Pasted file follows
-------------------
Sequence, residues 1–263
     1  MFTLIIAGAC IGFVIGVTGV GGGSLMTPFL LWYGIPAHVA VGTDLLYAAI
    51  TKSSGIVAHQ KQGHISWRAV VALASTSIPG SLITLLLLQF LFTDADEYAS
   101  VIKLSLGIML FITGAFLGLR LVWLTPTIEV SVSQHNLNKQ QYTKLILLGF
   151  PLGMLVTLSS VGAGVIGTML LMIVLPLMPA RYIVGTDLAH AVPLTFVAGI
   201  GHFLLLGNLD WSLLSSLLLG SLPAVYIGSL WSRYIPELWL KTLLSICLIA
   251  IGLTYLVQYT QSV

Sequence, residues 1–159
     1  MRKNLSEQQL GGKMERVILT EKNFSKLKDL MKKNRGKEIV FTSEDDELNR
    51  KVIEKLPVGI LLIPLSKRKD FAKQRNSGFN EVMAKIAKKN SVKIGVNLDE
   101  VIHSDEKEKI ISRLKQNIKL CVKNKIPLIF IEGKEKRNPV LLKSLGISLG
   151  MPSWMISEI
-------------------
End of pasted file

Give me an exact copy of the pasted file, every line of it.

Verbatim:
Sequence, residues 1–263
     1  MFTLIIAGAC IGFVIGVTGV GGGSLMTPFL LWYGIPAHVA VGTDLLYAAI
    51  TKSSGIVAHQ KQGHISWRAV VALASTSIPG SLITLLLLQF LFTDADEYAS
   101  VIKLSLGIML FITGAFLGLR LVWLTPTIEV SVSQHNLNKQ QYTKLILLGF
   151  PLGMLVTLSS VGAGVIGTML LMIVLPLMPA RYIVGTDLAH AVPLTFVAGI
   201  GHFLLLGNLD WSLLSSLLLG SLPAVYIGSL WSRYIPELWL KTLLSICLIA
   251  IGLTYLVQYT QSV

Sequence, residues 1–159
     1  MRKNLSEQQL GGKMERVILT EKNFSKLKDL MKKNRGKEIV FTSEDDELNR
    51  KVIEKLPVGI LLIPLSKRKD FAKQRNSGFN EVMAKIAKKN SVKIGVNLDE
   101  VIHSDEKEKI ISRLKQNIKL CVKNKIPLIF IEGKEKRNPV LLKSLGISLG
   151  MPSWMISEI